There are three key customer-related tasks for any consumer company: customer acquisition, customer engagement, and customer retention. Subscription businesses, be they telecom companies, Netflix, Apple Music, or SaaS companies, are all faced with the problem of customer turnover, known as “churn.” In fact churn can be so high that many telecom and cable companies report churn on a monthly basis, trying vainly to disguise how high their rate is on a yearly basis – typically in double digits.
Previously I blogged about building virality into your product, an issue I’ve written several posts about. I read a lot of business/tech news, but I’ve yet to find anyone sharper and more helpful to founders than Gabor Cselle, who posts on Medium. I have to admit to not considering how founders build retention into their products, but Mr. Cselle obviously has given it a lot of thought, resulting in his article 11 Ways to Build Retention Into Your Product. Interestingly Mr. Cselle breaks startup growth into just two components, customer acquisition and retention, baking engagement into retention. But I beg to differ, as getting a lot of users registered for your product or downloading your app does very little for your business unless they are engaged. In fact studies show that the vast majority of smartphone apps downloaded by users sit unused on their phones.
As before with Mr. Cselle’s brilliant post on building virality into your product, I’m not going to attempt to annotate all his eleven ways to build retention in your product, but will highlight a few and refer you to his original article for a deep dive into the subject.
Perhaps the most powerful tool is variable rewards, and here’s why:
Highly retentive products often draw in the user with variable rewards. Research shows that levels of dopamine in the brain surge when you’re expecting a reward. Introducing variability into the reward multiplies the effect. Variability creates a hunting state, activating the parts in the brain associated with desire. I recommend reading Hooked if you want to learn more about this.
Classically, slot machines and lotteries have benefitted from this effect, but variable rewards are prevalent in popular tech products as well. Building variable rewards into a product is incredibly powerful — please use them for good, not evil.
eBay did a brilliant job of building an entire business on the hunting state, with a focus on buyers winning auctions. The entire auction model, which fires off competitive urges that can cause buyers to pay far more than an item’s actual worth just to win the auction, has been successful for generations.
1. Human interaction
Facebook and Twitter discovered early on that human interaction was necessary, but not sufficient for retention. Baking in notifications seals the deal. Users are curious as to what that notification is about, thus driving clicks and engagement. Of course, developers are going to kill the golden goose as users are getting notification burnout from the flood of notifications from different apps interrupting their lives.
The solution to this is personalized notifications, which is number 7 on the hit parade of 11 ways to retain your users.
2. Turn-based Structure
This is a game based modality in which one person is expected to act first – make the first move in chess – which then creates the very powerful expectation and motivation in the second user to act reciprocally. The more turns, the better. Turn-based structures can create expectations of responses in users, basically guilt-tripping them into responding to requests, such as the feeling of obligation in LinkedIn’s contact feature: Ignore or Accept.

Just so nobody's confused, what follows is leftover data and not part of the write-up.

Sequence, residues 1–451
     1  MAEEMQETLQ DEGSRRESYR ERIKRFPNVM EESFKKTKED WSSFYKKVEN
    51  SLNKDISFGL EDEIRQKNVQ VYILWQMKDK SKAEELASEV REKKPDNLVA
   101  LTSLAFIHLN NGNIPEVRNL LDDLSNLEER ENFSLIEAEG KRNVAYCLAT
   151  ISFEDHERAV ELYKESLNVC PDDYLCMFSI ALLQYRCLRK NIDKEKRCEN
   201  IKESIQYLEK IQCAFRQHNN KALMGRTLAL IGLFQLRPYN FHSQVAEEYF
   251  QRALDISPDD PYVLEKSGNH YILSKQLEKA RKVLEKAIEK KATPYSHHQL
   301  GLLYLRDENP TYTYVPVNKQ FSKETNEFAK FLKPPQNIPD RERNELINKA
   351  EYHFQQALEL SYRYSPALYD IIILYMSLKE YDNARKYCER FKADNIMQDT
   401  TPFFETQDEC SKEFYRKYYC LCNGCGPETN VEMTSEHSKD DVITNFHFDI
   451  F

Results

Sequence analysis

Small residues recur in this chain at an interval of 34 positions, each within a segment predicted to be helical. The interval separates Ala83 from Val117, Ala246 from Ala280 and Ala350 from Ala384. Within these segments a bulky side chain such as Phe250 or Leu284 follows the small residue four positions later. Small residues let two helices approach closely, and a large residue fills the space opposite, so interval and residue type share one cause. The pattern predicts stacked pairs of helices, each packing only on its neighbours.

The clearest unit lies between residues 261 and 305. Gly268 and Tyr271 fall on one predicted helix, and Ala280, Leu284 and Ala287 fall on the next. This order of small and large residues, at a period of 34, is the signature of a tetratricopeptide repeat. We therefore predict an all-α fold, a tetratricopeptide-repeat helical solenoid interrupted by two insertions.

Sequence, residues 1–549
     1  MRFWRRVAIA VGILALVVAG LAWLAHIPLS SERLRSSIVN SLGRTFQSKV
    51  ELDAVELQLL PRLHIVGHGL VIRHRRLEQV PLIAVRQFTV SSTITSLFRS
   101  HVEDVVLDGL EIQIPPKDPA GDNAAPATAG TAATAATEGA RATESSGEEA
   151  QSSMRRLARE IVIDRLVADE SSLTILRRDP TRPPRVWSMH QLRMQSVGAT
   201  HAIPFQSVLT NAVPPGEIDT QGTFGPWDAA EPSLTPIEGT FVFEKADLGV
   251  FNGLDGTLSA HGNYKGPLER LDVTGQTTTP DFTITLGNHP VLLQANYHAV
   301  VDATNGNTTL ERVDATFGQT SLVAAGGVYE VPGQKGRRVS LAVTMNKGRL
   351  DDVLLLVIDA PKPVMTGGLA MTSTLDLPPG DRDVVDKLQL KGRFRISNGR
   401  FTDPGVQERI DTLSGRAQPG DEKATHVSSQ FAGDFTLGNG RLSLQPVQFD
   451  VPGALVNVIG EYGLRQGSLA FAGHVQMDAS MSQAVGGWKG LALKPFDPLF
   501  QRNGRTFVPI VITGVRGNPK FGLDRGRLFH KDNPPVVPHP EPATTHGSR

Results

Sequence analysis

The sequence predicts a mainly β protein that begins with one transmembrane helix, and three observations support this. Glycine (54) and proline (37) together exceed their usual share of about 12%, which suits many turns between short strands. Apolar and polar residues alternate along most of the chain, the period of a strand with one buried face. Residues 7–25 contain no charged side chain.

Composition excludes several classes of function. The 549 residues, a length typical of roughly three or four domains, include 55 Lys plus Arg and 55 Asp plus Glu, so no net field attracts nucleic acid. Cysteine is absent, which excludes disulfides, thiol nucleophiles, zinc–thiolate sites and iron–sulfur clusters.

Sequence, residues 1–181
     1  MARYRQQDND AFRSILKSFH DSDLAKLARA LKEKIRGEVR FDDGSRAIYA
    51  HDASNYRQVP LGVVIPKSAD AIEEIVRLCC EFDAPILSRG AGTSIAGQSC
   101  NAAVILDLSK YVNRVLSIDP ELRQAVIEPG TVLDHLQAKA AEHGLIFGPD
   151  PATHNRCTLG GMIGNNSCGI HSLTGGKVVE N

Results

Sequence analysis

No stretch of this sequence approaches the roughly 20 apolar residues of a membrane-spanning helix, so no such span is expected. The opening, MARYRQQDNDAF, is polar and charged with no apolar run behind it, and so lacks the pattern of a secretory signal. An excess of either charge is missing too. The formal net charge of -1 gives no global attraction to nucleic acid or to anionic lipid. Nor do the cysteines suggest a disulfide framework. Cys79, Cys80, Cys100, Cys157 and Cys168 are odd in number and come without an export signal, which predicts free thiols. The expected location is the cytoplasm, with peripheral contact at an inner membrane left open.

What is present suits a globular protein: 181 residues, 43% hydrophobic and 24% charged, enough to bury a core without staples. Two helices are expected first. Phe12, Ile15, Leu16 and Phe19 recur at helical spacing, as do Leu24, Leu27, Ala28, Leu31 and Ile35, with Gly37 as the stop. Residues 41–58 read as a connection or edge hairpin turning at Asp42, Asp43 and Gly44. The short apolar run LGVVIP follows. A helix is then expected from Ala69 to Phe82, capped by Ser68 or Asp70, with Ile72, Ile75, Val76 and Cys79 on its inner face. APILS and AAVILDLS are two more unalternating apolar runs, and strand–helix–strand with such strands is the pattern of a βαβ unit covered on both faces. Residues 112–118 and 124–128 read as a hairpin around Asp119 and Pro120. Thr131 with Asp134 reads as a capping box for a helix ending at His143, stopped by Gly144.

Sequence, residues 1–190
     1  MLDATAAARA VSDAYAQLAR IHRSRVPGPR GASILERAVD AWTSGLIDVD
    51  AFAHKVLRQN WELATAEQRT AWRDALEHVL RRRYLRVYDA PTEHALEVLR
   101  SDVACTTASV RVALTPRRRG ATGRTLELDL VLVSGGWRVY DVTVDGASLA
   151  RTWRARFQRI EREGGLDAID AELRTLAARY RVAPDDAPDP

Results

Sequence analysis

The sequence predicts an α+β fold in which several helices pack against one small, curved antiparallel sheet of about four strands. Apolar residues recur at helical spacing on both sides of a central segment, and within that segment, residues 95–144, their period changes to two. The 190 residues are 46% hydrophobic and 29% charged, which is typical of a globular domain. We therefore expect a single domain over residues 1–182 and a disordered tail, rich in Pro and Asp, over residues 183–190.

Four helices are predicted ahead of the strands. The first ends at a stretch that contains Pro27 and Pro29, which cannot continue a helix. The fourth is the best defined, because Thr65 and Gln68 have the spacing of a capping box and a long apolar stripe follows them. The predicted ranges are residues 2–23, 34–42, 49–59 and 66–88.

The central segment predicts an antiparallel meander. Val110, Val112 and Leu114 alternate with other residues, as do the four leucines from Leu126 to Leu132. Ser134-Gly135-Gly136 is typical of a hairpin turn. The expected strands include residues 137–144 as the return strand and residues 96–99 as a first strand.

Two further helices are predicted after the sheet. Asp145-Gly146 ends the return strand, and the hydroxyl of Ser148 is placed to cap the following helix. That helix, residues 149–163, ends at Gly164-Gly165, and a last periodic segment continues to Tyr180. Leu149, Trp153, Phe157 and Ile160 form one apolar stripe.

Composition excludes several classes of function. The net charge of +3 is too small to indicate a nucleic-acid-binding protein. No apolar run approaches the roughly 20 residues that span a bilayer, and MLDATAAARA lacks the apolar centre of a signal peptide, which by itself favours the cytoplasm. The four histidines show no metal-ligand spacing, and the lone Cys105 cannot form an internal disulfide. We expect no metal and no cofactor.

4. Status or Badges
Status and badges are part of the attempt to gamify applications. However, there’s been a backlash against this recently as some apps are now hiding status numbers that they were once highlighting. In general, I would warn founders to be careful of the whole gamification strategy unless you are addressing sports or fitness, which by their nature are very competitive, with winners receiving actual medals, as in the Olympics.
8. Share Improvements
Continually improving your product – known as upgrading – has been a software retention strategy for decades. But with the rise of social media and messaging it’s far easier to notify users of improvements that may incentivize them into staying with your product. But as Mr. Cselle points out, this is by far the most expensive way to retain users because it demands expensive engineering resources. But given how competitive tech markets are today, sitting pat and not upgrading your product is a formula for slow-motion suicide. You must continually improve your product, so make sure you publicize these improvements, especially to your installed base.
9. Drip Marketing
Drip marketing is a fancy way of describing sending email to your users. Given how much email most users get and how often they will unsubscribe from emails from vendors, I suggest you tread very carefully on this one. However, if you have a deep product with a lot of features users may welcome tutorial emails that help them get more return on their investment in your product by learning about how specific features help them get their jobs done faster, better and/or easier.
Mr Cselle divides retention techniques into those that are built in and those that can be added to any product.
I would recommend the following strategy:
Always include human interaction in your product, as it drives engagement and retention and should be core to any product that can be used more than once. Then decide if any of the other five “Core to the Product” techniques align with your strategy and build that one in. There are really only three “Can be Added to Any Product” as you can eliminate Spam, and should include Share Improvements. Try A/B testing to determine if any of the three will increase your retention rate.